The most common disease for which self-medication is practiced was found to be malaria (35.1%), as supported by Gupta and Singh, (2016) and Chang et al. (2017), followed by headache and fever (27.5%). This is evident as malaria is endemic in Cameroon, with many high hospital consultations. Cough/cold, stomach-ache, menstrual pain, vomiting, diarrhoea, and ocular symptoms are other diseases for which self-treatment is common, as corroborated by Agbor and Azobo (2011), Aashi et al. (2016) and Khaled and Haytham (2018).

A majority (119/650 or 18.3%) of the respondents cited previous prescription (Figure 1) as source of information on medicines for self-treatment. This is supported by Oluwole et al. (2016), who further found that drug shops, private clinics, ordinary shops and government health centres offered information on self-treatment in Uganda. Shankar  et  al. (2002) and Skliros et al. (2010) also  lend support to this finding through their report that pharmacies and medication leftovers from previous prescriptions constituted main sources in Greece. This indicates that patients liken symptoms for one illness to another and tend to depend more on how they feel. This gives room for the wrong treatment and also treating the wrong diseases and leading to drug resistance at subsequent treatment (Larsson et al., 2000; Ullah et al., 2013; Oluwole et al., 2016; Naaraayan et al., 2016; Olumide et al., 2018).

Ironically, a larger proportion of the respondents (33.2%) obtained medicine for self-medication from the pharmacy (Shankar et al., 2002; Skliros et al., 2010; Oluwole et al., 2016). This is quite disturbing because pharmacies are expected to function in respect of norms and ethics, ensuring that prescription medicines are not sold to patients without prescriptions (Ullah et al., 2013; Shaghaghi et al., 2014). As also reported by Osemene and Lamikanra (2012); Ullah et al. (2013) and Shaghaghi et al. (2014) 31.2% bought medicines from nearby stores or kiosks in the quarter. Apart from the low cost, quick access to these stores is a favourable pull factor. This study also found that patients share medicines with relatives or friends or using left-over at home as substantiated by Ullah et al. (2013) and Shaghaghi et al. (2014). This practice is dangerous as it exposes illicit users   to   the   toxic   effects   of   drugs,  with  long-term consequences.

Push factors for self-medication

Poverty was found to be the main push factor for self-medication (Figure 2), with unprofessionalism of health workers (Ullah et al., 2013; Oluwole et al., 2016; Naaraayan et al., 2016; Olumide et al., 2018), and friend’s advice (Ullah et al., 2013; Shaghaghi et al., 2014), as other reasons. Previous use of medicine (Shankar et al., 2002; Skliros et al., 2010; Oluwole et al., 2016), lack of time and inadequate price regulation (Rajakarunaa et al., 2006) were other major contributing factors. The quest for quick recovery pushes patients to go for quick relief while mild disease symptoms and self-confidence in diagnosis are other push factors.

Pull factors for self-medication

Low cost of medicines (Yadav and Rawal, 2015; Aashi et al., 2016; Elong et al., 2019) constituted the strongest pull factor for self-medication (Figure 3). Easy access to medicine in the vicinity of residences was found to be one of the pull factors (Esperanza, 2010, Yadav and Rawal, 2015; Aashi et al., 2016; Chang et al., 2017).  The  liberty to advertise anything in the name of medicine is causing untold organ damage as it attracts a huge market which benefits the medicine dealer but compromises the health of the patient through organ toxicity (Esperanza, 2010; Saber et al., 2015; El-Nimr et al., 2015) and drug resistance (Olumide et al., 2018; Oluwole et al., 2016; Naaraayan et al., 2016). The quick services offered by illegal and unprofessional medicine dealers are a strong pull factor to those who see consultation as time-wasting. Medicine vendors have become very innovative in how they deal with their customers. They exchange contacts with their regular customers and are available to supply the medicine at home. This further facilitates access, a practice which is uncommon with mainstream pharmacies. The proliferation of medicine vendors and kiosks along streets is a huge pull factor as they increase access to self-prescribed medicines (El-Nimr et al., 2015; Perwez and Dana, 2017; Khaled and Haytham, 2018; Elong et al., 2019).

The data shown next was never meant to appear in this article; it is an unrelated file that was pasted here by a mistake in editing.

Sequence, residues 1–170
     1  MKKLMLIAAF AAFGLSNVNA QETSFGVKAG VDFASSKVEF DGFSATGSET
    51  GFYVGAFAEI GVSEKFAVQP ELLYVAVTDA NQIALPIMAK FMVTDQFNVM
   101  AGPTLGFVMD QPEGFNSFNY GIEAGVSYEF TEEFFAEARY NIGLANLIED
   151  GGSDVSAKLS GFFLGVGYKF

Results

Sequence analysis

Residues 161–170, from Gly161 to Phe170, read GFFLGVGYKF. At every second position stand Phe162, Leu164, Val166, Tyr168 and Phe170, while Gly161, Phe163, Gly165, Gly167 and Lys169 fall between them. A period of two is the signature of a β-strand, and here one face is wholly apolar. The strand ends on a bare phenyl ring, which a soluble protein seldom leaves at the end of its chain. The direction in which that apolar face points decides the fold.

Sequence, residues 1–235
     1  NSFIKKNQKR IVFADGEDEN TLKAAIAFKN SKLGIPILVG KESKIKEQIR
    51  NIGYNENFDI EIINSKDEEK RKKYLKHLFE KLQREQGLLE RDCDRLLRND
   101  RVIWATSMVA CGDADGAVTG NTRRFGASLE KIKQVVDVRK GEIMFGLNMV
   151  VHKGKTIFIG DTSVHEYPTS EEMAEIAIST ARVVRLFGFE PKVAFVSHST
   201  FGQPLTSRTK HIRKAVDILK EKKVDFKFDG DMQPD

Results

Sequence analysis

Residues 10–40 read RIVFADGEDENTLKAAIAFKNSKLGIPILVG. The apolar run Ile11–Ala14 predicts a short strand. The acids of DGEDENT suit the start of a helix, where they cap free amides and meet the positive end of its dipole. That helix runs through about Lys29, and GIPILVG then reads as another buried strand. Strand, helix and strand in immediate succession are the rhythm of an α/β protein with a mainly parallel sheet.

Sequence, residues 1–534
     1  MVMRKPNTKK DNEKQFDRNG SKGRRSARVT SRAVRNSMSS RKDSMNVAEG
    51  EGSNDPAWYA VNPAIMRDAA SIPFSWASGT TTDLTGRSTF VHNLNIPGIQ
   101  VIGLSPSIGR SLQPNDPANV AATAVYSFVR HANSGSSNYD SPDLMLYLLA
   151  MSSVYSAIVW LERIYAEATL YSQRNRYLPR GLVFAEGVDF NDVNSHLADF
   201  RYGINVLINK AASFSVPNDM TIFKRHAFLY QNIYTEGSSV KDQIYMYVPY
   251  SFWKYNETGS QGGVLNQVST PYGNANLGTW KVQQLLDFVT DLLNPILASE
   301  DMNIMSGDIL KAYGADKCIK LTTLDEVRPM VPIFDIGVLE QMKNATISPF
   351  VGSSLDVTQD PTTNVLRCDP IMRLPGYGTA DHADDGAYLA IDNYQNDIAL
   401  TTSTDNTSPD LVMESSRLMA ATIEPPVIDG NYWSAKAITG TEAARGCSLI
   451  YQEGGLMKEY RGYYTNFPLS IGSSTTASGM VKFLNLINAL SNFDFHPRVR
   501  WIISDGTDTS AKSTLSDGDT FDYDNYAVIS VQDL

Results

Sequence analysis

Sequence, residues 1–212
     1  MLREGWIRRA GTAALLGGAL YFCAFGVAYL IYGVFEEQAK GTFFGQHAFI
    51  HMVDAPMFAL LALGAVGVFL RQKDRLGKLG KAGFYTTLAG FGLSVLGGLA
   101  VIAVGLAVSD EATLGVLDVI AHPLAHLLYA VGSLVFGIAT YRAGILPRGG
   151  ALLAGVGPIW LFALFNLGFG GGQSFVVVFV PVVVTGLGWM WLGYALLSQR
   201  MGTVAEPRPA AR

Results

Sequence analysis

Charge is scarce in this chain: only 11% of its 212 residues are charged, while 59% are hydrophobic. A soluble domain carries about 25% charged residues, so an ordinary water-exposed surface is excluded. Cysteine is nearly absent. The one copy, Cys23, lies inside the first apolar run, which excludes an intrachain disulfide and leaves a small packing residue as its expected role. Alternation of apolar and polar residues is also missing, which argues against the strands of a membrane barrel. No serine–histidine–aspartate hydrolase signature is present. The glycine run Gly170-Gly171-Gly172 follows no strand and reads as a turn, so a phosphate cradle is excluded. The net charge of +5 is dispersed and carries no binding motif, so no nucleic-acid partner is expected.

Medicines are meant to cure illnesses but misuse could produce deleterious consequences. The fact that less than half of the respondents (302/650) found self-medication to be bad practice is seemingly conflicting. A cost-benefit  analysis   of   self-medication  is  required  to provide a guide on how to better address the conflicting interests in the practice of self-medication.

Recommendations to address push and pull factor

Considering the impact of poverty on purchasing power, there is a need to subsidise the cost of medication to reduce burden of care through out-of-pocket expenditures. Education and sensitisation constitute useful strategies to address ignorance, misdiagnosis, wrong prescription, and consequences on human health. Licenses should be issued only to trained and certified persons to own and operate medicine stores and kiosks, with signed engagement not to violate set norms. Also, control mechanisms should be put in place to ensure that only medicines of good quality are sold at homologated prices and misinformation through advertisements on social media, TV, the press, in buses or on the streets kept under check. The number of pharmacies should be increased to increase access to medicines. While human resources require an increase to reduce patient-to-doctor ratio and in turn reduce waiting time at hospital, pharmacies should equally innovate and introduce home deliveries and online sales upon submission of prescription.

Ethical considerations

This research was duly authorised by the competent administrative authorities and was carried out in strict compliance with national guidelines from the national ethics committee. Informed consent was sought directly from all adult participants while the much younger once were issued consent notes to be signed by their parents. Complete compliance to confidentiality and respect of anonymity of all respondents was strictly adhered to during data collection and management.


The author has not declared any conflicts of interests.